Yukihiro stood at rigid attention, trying to ignore the sense of failure clawing at his guts as he kept his eyes glued to his commander's back. Their alien ... Yukihiro hated to think of them as saviors or allies, the way the Protoss were so willing to rain down death and destruction on populated worlds, but the truth was, without this fleet's intervention, Hyperion and everyone aboard her would have been absorbed by the Zerg by now. Cold comfort when he knew what was going to happen, probably already was happening, on the other side of that viewport.
The fleet's executor had offered Raynor one chance to prove this world wasn't already too infested to save. With Degan being a colony on the far edge of the Koprulu sector, not aligned with any of the other human populations, Raynor had thought – or perhaps merely hoped – they might have gone unnoticed in the Zerg's push into the sector. Degan had been a neo-luddite farm world, rim colonists who had wanted nothing to do with the interstellar politics of the Dominion OR Earth. And maybe if the colonists hadn't happened to have picked a planet once home to the Xel'naga, they could have had their wish to be left alone.
“This was the only way.”
“Bullshit,” Raynor growled at the Protoss officer who so calmly towered over them both.
“I assure you, Commander, we take no pleasure in this. But we know this enemy more completely than even you could imagine. This was the only way to ensure the complete destruction of this hive. I am sorry.”
“Sorry. Right. Tell that to the people we had to leave behind,” the commander snarled, his power armor clanking as he stomped away.
Yukihiro spared a quick glance at the viewport, then hurried to follow the commander. This whole day, this entire week had been nothing but a shit show. Not even the elegant beauty of the Protoss fleet could make anything about it better. Yes, Raynor's Raiders were lucky to be alive and that due entirely to the intervention of a single Protoss executor seeing something worth preserving in them. Right at that moment, though, Yukihiro wasn't sure it had been worth it.
“I'm going off-comm for the next ... four hours. Anything else comes up, deal with it,” Raynor grumbled as they started up the ramp into the Hyperion.
“Yes sir,” Yukihiro said, making a note of the time. It wasn't entirely in keeping with standard protocols and he might have a fight on his hands if anything did come up, but ... they were a mercenary outfit now. Raynor, being at the top of the chain of command, could make the rules whatever he wanted. And break them just as easily as well.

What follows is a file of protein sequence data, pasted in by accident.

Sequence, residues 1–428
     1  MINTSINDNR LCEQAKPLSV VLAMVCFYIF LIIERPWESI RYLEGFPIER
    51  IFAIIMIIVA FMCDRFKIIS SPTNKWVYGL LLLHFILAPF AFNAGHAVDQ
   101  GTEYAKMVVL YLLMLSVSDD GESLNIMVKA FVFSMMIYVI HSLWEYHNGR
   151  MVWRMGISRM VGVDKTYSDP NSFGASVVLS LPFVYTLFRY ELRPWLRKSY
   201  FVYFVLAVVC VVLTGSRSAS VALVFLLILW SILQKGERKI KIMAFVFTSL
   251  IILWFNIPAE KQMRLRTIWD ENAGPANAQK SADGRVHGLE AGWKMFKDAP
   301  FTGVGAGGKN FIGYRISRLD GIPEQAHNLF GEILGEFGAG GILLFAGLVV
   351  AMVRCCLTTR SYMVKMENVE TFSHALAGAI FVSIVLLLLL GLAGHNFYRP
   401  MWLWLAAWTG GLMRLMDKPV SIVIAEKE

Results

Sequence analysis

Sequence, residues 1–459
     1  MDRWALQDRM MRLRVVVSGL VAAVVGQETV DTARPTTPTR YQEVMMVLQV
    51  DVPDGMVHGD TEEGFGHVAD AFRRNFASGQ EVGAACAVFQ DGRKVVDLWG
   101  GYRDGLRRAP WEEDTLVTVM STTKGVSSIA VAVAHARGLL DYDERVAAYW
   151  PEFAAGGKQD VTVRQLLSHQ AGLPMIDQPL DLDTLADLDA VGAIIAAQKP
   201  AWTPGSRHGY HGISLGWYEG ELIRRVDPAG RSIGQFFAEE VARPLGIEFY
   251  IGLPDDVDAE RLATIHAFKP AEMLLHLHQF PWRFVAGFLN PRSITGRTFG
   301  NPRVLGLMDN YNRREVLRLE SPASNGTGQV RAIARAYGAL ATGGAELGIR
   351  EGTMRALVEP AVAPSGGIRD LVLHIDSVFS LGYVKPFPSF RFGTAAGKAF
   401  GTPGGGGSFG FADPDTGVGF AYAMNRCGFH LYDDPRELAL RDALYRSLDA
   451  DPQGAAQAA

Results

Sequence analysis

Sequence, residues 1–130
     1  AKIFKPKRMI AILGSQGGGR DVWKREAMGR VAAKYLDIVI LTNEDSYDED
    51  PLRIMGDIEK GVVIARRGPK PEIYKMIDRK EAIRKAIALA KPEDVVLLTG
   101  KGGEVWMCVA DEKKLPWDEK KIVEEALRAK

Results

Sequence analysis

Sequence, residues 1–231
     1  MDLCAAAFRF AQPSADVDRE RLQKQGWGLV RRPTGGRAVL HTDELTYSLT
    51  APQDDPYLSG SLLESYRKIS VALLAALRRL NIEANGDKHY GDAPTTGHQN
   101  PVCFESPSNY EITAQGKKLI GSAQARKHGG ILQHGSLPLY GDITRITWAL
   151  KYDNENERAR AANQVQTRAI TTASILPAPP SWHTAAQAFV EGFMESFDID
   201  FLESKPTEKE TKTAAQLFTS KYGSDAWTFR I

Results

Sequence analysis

The bombardment would continue for another twenty to forty minutes, then the Protoss fleet would regroup before making the hyperspace jump to the next system with planets capable of sustaining Zerg life. What that meant for where they would be in four hours, Yukihiro didn't know and he doubted any Protoss would be willing to tell him. After two weeks with Tassadar's expeditionary fleet, Yukihiro's experience said the only one willing to even admit humans were worthy of conversation was their leader. And even he only ever gave information to Raynor.
Stepping backwards into his armor berth, Yukihiro took a deep breath as bolts whirred and his suit settled into its cradle for routine maintenance. As tempted as he was to light up a cigarette, he suppressed the urge for now and instead hiked his way from Marine Country up to Hyperion's main bridge, doing his best to ignore the little wrinkled noses and disdainful sniffs from the naval personnel who were a little too quick to forget Raynor had started as a Confederate Marine way before he had taken on the duties he now carried. As much as he was used to it, he was never going to be completely at ease with how quick some spacers were to look down their noses at the Marines, as if they were all nothing more than grunts.
Hyperion's bridge felt almost too quiet when Yukihiro finally stepped out onto it, manned at less than half power from what he could tell. Considering the battlecruiser was currently berthed inside a massive Protoss supercarrier, unable to do anything until they were next dropped, perhaps it shouldn't have been a surprise. At least he could take some measure of comfort at seeing the captain but not his exec.